Friday, 13 November 2009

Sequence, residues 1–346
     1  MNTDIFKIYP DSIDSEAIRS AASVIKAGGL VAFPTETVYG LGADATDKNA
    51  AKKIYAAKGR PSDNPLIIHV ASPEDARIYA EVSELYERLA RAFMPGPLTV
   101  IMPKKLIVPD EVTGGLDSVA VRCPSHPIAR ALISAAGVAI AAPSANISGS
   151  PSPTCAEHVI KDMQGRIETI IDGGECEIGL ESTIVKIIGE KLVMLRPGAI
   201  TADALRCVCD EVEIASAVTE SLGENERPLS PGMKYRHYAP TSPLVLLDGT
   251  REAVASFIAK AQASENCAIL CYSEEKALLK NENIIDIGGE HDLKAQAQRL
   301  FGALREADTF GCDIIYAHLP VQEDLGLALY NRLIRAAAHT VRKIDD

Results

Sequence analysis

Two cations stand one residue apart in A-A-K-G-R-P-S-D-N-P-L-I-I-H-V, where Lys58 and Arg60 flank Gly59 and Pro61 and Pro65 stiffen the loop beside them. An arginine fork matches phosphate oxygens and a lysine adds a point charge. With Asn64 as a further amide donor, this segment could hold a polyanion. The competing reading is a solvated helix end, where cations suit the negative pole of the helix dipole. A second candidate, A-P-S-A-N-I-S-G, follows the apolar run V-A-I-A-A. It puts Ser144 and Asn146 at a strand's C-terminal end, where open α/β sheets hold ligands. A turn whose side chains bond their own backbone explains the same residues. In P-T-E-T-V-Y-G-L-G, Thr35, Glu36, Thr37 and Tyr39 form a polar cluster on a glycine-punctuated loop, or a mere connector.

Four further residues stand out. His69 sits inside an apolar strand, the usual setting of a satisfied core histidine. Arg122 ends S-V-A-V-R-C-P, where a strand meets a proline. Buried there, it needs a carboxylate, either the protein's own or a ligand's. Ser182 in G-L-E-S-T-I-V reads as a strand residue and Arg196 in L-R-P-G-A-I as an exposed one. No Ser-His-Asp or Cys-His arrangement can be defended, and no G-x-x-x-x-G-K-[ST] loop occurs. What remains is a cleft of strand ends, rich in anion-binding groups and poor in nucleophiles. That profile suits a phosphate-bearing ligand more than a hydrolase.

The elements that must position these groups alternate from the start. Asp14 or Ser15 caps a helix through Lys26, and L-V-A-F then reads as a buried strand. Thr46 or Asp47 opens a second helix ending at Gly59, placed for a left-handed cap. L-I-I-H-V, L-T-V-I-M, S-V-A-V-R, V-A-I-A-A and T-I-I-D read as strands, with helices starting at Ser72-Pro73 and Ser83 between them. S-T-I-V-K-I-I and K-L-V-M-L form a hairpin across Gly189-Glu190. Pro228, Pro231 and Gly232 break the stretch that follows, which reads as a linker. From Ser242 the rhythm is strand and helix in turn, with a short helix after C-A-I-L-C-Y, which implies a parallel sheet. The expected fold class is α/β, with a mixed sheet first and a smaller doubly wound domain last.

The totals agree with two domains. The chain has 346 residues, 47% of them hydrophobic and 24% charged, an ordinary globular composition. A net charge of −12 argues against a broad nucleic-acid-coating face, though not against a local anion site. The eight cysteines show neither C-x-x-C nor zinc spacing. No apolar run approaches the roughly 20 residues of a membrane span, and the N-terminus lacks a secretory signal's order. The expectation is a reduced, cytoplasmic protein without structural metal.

In recent years, considerable attention has been paid to understanding reef resilience and identifying sites that may serve as potential sources of new recruitment. To date, most assessments of reef connectivity have emphasized long-distance horizontal dispersal of propagules from one shallow reef to another. However, an intriguing but yet untested possibility is that relatively short-distance vertical dispersal from deep reefs may represent a significant source of propagules for shallow reefs. This study aims to test this hypothesis by investigating the connectivity of coral populations at deep and shallow sites in different localities, including the Florida Keys, Bermuda, Puerto Rico and U.S. Virgin Islands. It will use a combination of new and established population genetic markers (DNA microsatellites) in 4 important scleractinian reef coral species with different life-history reproductive strategies and broad depth distributions (Montastraea faveolata, M. cavernosa, Porites astreoides and Agaricia agaricites). A nested sampling design will be used to assess population structure and estimate gene flow between depths. In addition, algal symbiont (Symbiodinium spp.) diversity will be assessed to help determine the functional potential for brooding corals at deep sites to colonize shallow environments. Overall, this approach will allow the assessment of the extent to which deep reefs might serve as sources of local recruitment for nearby shallow reefs. If we can demonstrate significant short-distance vertical connectivity, then there will be a critical need for policymakers to re-assess the current level of protection afforded to deep water reefs and potentially inform the design of MPAs, whose boundaries follow a depth isobath that potentially excludes significant deep water reef resources.
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